The Black Keys

The Black Keys recorded their latest album, Brothers, at the legendary Muscle Shoals Sound Studios in Alabama. Aretha Franklin, The Rolling Stones, Willie Nelson and Bob Dylan all made records there, but the band wasn’t specifically drawn to the building because of its history. “Muscle Shoals isn’t the holy grail,” says Black Keys guitarist and singer Dan Auerbach. “No matter where we made this record, we were going to hunker down and focus, but I’m into the old recording studios from the late ‘50s and early ‘60s. That was the golden age of music production, when they recorded live bands playing together in one room. Whenever we’re in a town with an old studio, I go and check it out.

“To make this record, we wanted to get away from home and find a place that would inspire us to learn some new tricks. We had a couple of places we were considering, but Muscle Shoals was available and cheap. When we got there, we found out it’s not like it used to be. It had been gutted. None of the old gear was there. It’s just a huge empty cinder block building.”

Auerbach, Keys drummer Pat Carney, and co-producer and engineer Mark Neill all favor a minimal, analogue approach to the process of recording, so the Keys loaded their own equipment into the shell of Muscle Shoals to make Brothers. They recorded using old tube microphones, with the band thrashing out the tunes live. “Because of the cinder block walls, it was not sonically perfect,” Auerbach says. “Most records these days are made using 50 or more tracks of audio. When you mix the record, you spend hours trying to tame all the frequencies. We use maybe four mics. Any musical or technical decisions are made as we go along. None of it was thought out, but we wanted it to sound a little rough. I don’t like music that sounds too clean, as you probably know, if you’ve listened to any of our albums.”

Vocally, Auerbach stepped back from his familiar Howlin’ Wolf growl to sing in a surprisingly warm tenor that almost slips up to falsetto on a few tracks. “I first picked up the guitar because I wanted to play bluegrass with my family,” Auerbach explains. “I wanted to sing and play with them and started on Stanley Brothers songs. I always sang the high harmonies. I also produced a record for Jessica Lea Mayfield, who is an excellent dark and dirty singer/songwriter. I did a lot of falsetto singing on her album. I’d never used that voice with the Black Keys before, but it was a natural, easy thing to do, considering the kinds of songs we were writing.”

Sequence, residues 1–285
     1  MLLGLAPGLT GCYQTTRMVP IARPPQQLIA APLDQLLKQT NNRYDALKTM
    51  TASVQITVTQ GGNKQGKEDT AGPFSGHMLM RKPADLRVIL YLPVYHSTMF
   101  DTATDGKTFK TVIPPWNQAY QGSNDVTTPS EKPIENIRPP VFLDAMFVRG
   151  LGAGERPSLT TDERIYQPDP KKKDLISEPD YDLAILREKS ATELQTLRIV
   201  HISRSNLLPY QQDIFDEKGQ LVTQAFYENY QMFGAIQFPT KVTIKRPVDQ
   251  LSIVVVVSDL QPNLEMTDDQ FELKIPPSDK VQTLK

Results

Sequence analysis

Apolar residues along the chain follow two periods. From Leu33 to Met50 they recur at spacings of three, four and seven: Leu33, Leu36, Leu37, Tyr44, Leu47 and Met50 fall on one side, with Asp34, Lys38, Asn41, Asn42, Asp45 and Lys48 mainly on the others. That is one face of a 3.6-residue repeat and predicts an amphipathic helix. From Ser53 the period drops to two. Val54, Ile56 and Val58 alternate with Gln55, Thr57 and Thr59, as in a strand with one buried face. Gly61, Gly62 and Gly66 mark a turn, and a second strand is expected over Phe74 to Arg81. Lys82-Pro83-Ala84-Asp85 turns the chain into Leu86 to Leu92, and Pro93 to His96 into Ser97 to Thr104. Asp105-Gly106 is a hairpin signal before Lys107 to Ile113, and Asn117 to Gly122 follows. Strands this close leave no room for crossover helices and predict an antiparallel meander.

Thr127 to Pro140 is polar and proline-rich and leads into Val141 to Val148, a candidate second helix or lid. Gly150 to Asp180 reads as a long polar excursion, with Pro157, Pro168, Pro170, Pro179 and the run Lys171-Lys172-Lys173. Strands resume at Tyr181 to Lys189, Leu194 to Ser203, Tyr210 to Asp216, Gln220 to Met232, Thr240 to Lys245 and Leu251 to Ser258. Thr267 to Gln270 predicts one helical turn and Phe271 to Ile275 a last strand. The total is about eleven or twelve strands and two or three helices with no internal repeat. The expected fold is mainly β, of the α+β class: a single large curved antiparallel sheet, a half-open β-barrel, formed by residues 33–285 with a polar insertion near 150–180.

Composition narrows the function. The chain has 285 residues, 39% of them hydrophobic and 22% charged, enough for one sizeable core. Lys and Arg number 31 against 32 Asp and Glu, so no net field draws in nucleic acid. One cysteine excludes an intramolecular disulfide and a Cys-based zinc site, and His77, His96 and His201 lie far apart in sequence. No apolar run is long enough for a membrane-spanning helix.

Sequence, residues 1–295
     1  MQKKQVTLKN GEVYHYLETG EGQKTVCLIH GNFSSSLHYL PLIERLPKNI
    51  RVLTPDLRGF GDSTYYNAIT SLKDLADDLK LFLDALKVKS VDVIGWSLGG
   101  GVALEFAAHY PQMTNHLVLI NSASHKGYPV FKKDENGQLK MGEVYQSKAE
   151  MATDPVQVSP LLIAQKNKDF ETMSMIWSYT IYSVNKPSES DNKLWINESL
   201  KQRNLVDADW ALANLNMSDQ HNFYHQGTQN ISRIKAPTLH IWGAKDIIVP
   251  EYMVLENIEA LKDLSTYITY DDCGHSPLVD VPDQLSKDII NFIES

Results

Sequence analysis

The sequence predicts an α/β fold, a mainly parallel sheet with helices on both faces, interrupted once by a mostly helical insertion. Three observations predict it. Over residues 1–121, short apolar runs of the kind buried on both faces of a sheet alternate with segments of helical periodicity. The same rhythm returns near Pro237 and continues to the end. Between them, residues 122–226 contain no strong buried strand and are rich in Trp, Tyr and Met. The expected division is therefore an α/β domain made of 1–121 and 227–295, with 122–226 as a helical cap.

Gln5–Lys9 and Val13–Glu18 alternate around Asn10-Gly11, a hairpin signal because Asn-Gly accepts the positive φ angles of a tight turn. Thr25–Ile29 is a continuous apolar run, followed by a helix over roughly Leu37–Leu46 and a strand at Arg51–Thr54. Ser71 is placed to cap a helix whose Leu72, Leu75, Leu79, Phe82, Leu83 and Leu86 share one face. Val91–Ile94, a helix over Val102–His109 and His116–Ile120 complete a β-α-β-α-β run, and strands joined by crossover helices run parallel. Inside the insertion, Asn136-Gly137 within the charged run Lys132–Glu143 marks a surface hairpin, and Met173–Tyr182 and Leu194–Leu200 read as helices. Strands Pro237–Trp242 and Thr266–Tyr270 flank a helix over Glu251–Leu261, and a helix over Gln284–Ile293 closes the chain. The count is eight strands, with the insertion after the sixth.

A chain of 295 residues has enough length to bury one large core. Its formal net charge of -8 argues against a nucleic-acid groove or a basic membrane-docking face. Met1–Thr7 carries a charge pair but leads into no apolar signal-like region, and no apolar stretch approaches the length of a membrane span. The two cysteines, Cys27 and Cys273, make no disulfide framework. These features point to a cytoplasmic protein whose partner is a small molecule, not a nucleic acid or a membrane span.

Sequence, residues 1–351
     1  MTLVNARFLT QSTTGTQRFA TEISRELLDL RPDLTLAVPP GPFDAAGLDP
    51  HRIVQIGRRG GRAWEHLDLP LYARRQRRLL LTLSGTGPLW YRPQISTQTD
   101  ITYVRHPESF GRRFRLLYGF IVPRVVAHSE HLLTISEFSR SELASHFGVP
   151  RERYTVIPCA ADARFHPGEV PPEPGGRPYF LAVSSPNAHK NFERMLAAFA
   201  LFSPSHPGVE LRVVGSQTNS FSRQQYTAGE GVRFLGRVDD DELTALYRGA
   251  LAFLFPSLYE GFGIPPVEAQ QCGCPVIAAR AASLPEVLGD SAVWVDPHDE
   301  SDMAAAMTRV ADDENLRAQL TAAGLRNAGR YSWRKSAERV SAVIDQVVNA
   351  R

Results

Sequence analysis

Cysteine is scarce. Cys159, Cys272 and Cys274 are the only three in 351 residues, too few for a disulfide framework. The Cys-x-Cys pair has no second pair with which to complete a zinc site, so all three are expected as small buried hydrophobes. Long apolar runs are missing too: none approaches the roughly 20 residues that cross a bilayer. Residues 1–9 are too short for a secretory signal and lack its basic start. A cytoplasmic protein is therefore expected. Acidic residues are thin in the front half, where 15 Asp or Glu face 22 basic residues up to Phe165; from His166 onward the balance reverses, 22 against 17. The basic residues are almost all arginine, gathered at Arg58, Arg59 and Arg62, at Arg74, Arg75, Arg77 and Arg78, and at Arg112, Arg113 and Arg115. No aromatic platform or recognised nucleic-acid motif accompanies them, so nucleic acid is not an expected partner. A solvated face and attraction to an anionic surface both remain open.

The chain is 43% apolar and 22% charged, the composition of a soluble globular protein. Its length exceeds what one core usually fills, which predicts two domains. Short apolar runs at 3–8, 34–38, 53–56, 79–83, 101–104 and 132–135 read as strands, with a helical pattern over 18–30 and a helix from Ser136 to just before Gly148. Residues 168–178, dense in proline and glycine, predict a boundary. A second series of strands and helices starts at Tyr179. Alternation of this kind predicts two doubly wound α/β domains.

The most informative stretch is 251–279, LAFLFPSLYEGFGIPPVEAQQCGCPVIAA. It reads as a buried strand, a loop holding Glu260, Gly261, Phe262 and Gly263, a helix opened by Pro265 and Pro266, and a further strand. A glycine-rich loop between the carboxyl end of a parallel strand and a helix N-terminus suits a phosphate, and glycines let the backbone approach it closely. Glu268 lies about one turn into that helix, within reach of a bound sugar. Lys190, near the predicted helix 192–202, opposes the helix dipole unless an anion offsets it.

Some critics are calling Brothers a soul record, maybe because the album was cut in Muscle Shoals and features Auerbach crooning on a particularly emotional cover of Jerry Butler’s “Never Gonna Give You Up.” “We’ve been listening to a lot of ‘60s and ‘70s soul lately, but we weren’t thinking about that when we made the demos for this record. We grew up listening to Otis Redding, Curtis Mayfield and all the early Stax stuff. I taught myself guitar by playing along with Sam Cooke records. They have easy chords and they’re fun to sing, so the soul influences have been there from the start.”

Auerbach says a more conscious influence on the sound of Brothers came from Keep It Hid, the solo album he made last year. “I learned a lot writing for a band, rather than a two piece. I stepped away from using my in¬yer¬face guitar style and used [my guitar] more as an accompaniment to my vocals.”

The Keys experimented with a few new sounds on Brothers. Using bass, piano and harpsichord on the record allowed them to add a soulful, psychedelic haze to their familiar blues/rock squall. Still, the most surprising track on the album may be “Howlin’ for You.” It’s not the screaming blues number you might imagine from the title, but rather, a bouncy pop song with a Suzi Quatro/Gary Glitter backbeat. “When we started working on the song, Pat started playing that beat and I loved it. It’s kind of a dumbed down version of the Bo Diddley rhythm that white people can clap along with in stadiums. Pat had a hard time with it, because it’s so regular. He’s not used to being a timekeeper. He likes flowing in and out of tempos and adding his improvisations and stuff, but we like how it turned out.”

Brothers seems to indicate that The Black Keys are moving away from their bedrock blues/rock sound, but Auerbach isn’t so sure. “I have no idea what [genre] we are, but don’t call Pat a blues guy. We’ve been influenced by too many things to want to be called any one style. He never listened to the blues. I was the one who got into Big Joe Williams and Lightnin’ Hopkins when I started learning guitar. That’s the foundation of everything I do. When people say we’re blues, that’s probably what they hear. Pat was into Devo, Pavement, Modest Mouse and hip-hop. His drumming is influenced by that stuff.”

After seven albums and two EPs that cover a wide musical and stylistic range, many critics still fall back on two overused adjectives to describe the band’s sound: primitive and brutal. The words make Auerbach smile. “Our sound is not primitive. We know too much about the history of music to do anything primitive. To be primitive, you have to live in a cave. Recording in a basement [early albums like Thickfreakness were recorded in drummer Pat Carney’s basement studio] doesn’t count. If there’s hot water and a bathroom to be had, it’s hard to be primitive. It’s more that we apply the idea of minimalism to everything we do. When we had day jobs, we did the minimal amount of labor necessary. We soon found out that minimalism works better in music than real life.”

-J. Poet

photography by John peets

THE SPRING ISSUE


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